Pupils science dreams are being shattered, but whodunit? A report commissioned by the Science Council shows the trail of evidence leads straight to careers advisers.
The Campaign for Science and Engineering (CaSE) is calling for dramatic improvements in the quality of guidance provided to pupils, after one girl was told to "engage her interest in chemistry" by auditioning for a forensics-themed television show instead of studying for a degree.
"We heard some shocking stories of the appalling advice young people were given about the options open to them if they studied science or engineering," said CaSE's director, Dr Peter Cotgreave.
"The information that already exists needs more coordination and quality control, we need to get parents much more closely involved in the process.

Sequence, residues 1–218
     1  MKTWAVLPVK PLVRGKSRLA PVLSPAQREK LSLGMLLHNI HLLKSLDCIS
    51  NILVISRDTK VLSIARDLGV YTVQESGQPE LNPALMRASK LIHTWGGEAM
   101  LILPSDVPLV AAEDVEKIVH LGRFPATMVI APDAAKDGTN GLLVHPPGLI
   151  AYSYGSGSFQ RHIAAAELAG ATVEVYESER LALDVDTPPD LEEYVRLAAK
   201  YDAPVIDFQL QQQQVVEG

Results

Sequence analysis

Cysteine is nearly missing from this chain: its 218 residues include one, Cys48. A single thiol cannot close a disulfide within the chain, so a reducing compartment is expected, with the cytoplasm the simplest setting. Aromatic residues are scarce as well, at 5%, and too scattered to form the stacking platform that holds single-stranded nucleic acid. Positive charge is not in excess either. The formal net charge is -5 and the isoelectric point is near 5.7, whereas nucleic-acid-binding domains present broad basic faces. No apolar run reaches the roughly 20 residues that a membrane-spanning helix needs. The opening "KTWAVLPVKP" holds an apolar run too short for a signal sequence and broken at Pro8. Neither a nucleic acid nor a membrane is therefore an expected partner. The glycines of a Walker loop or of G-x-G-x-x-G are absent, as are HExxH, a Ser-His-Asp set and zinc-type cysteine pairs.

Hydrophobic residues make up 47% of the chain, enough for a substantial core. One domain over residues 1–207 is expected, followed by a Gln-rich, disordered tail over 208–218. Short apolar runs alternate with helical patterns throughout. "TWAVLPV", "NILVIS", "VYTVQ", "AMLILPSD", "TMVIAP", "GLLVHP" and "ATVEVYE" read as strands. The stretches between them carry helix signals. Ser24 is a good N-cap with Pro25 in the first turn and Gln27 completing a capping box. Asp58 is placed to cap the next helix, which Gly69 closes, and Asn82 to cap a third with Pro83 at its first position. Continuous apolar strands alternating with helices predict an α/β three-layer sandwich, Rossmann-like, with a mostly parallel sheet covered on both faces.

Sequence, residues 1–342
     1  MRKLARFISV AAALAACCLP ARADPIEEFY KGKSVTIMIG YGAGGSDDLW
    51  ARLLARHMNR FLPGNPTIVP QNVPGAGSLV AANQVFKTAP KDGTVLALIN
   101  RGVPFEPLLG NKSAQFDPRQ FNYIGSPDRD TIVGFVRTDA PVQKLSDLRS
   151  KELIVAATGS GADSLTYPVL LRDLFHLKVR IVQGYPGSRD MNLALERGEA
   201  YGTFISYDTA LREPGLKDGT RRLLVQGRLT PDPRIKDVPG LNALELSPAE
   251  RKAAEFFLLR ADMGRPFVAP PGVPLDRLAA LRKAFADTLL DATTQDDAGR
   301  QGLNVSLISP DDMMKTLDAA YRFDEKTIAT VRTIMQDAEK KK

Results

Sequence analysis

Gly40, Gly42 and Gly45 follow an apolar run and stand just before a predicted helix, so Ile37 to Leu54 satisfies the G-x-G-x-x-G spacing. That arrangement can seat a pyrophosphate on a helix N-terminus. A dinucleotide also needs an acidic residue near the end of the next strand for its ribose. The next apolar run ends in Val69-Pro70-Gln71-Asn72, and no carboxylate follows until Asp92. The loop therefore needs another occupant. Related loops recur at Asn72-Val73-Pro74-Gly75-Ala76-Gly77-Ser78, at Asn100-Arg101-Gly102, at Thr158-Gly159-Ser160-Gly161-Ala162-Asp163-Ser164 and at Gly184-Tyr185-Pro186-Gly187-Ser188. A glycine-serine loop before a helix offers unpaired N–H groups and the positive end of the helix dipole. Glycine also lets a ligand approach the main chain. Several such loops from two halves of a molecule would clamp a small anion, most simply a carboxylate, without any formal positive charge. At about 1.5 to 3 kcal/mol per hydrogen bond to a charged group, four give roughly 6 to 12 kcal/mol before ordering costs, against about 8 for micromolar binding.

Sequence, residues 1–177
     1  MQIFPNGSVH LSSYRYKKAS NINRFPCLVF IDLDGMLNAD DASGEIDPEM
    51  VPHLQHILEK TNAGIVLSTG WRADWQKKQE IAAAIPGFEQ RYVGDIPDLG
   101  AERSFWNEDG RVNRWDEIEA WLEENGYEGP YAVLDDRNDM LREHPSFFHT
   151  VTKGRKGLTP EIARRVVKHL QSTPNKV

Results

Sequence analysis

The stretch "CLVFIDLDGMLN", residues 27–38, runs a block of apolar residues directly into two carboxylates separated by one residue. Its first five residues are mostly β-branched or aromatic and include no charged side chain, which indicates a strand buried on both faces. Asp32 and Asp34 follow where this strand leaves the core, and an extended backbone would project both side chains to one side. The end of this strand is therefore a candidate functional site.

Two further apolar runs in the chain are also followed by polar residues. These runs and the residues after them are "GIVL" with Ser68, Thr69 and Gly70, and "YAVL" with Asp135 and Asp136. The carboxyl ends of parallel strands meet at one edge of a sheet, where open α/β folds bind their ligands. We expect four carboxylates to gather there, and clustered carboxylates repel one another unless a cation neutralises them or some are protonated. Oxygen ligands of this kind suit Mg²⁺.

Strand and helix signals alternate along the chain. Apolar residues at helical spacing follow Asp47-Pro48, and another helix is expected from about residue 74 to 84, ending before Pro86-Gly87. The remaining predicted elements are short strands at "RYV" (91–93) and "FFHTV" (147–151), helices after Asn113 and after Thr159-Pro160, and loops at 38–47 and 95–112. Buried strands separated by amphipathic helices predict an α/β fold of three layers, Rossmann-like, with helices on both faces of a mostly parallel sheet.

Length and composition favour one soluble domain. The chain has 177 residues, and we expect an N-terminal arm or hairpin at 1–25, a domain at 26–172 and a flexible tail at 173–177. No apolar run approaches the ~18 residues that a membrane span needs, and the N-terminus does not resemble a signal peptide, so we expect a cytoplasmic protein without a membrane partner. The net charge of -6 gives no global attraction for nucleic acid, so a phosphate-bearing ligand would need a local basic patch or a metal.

"Government, schools and the science community all need to work harder and we need to stop banging on about specific careers and help children realise that studying sciences keeps open a huge range of opportunities for the future, some of which will be based in science and many others will not.
"Big challenges, like climate change actually excite young people, but to make a difference, many of them will need good training as scientists or engineers, and it's not clear that this message is getting through."
Dr Cotgreave added:"There are many problems with getting enough young people to study science and many of them seem intractable, but the problems with advice and guidance about careers constitute a soluble problem."